The RSH can be used with UMS’s Carbon Marking Heads (M7 & M8 series) and the Saddle Marker Heads (SMH) for easy pipe and tube marking. Importantly, the SMH has a stand fitted with a sponge that is tested to ensure it does not leach any impurities allowing it to be used in controlled environments such as the aerospace and nuclear industries.

The M7 and M8 heads’ controlled electrolyte flow eliminates the need for untidy crystallised dipping dishes, creating a much cleaner working environment while reducing evaporation of electrolyte and allowing consistent, high quality and repeated cost effective marks while keeping open liquids off the workbench.

Elsewhere, Technifor has a reputation for ensuring traceability of items to prevent cross-contamination from the materials, fluids or people touching them. French legislation requires medical equipment traceability and the ability to identify the last five patients that have been in contact with a reusable medical instrument.

To achieve this, Technifor worked with a hospital in St Etienne, France, applying quality control and traceability practices to the surgical instrument sterilisation process to eliminate any potential cross-contamination of patients using a system called Medrix ID.

Based on micro-percussion technology, Medrix is designed for 2D DataMatrix marking and reading in all surgical instrument identification applications.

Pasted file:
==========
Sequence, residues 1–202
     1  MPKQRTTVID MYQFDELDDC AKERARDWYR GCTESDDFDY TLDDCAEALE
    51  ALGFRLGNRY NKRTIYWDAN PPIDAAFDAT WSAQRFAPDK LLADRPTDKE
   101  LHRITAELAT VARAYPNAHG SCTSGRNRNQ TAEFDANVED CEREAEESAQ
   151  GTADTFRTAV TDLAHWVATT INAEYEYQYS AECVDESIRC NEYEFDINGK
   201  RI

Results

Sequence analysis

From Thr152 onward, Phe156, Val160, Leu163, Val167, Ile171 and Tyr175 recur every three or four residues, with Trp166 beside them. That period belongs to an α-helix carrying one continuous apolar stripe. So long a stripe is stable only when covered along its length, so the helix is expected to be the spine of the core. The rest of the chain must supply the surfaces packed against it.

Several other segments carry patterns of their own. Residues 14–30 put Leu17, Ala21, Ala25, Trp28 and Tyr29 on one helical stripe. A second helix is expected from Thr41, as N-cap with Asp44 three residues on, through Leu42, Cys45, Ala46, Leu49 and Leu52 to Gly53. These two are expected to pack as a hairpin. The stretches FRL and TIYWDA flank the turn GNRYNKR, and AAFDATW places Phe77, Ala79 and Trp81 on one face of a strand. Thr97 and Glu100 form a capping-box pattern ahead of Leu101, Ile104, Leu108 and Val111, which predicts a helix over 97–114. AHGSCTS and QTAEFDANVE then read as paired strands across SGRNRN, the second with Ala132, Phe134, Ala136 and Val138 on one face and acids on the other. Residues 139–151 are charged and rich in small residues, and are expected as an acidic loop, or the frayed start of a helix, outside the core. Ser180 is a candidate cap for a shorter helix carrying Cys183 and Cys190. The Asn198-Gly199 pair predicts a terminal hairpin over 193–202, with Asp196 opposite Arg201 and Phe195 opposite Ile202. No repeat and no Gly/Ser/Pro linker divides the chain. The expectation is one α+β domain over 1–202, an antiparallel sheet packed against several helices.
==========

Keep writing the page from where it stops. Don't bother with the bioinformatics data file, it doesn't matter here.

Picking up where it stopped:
Technifor has now released the XF510 new generation micro-percussion marking solution, which is smaller than previous offerings with a marking window of 50x20mm. It is twice as fast as its other systems, producing 10 characters/sec. Other benefits include reduced integration costs and increased productivity with user-friendly programming. Its compact dimensions make it suitable for integration on a production line, rotary table or exiting unit. As it weighs just 2.3 kilos, it can be mounted on a robotic or articulated arm.

In the UK, Pryor has worked in a similar way with UK sterile services specialist Meditrax, providing integrated traceability and tracking systems to the healthcare market.

Using an electronic barcode-based tracking system, Traybax, it developed a system to mark and track a tray of instruments. This means hospitals know which surgeon used a set of instruments to operate on a specific patient.

Comis Orthopaedics, a manufacturer of minimally invasive implants and instruments, uses Pryor’s HP20 Nd:Yag laser marker with a V2 enclosure. This floor-standing machine has four-axis control, 160mm focal length lens and includes an electrical Z axis. It also has a circumferential fixture, an adjustable marking platform of 200x200mm and fume control for use on polymer marked plastics.

The system is controlled using the PryorLaser professional marking software on a PC connected directly to the laser system.

Recent developments from Pryor include a robust fibre laser marker with a pump diode claimed to have a mean time between failures of greater than 100,000 hours and the LOCUS low-cost, ultrasound code reader, a hand-held device able to decode Data Matrix and human readable marks concealed by paint or other industrial coatings to a depth in excess of 1mm.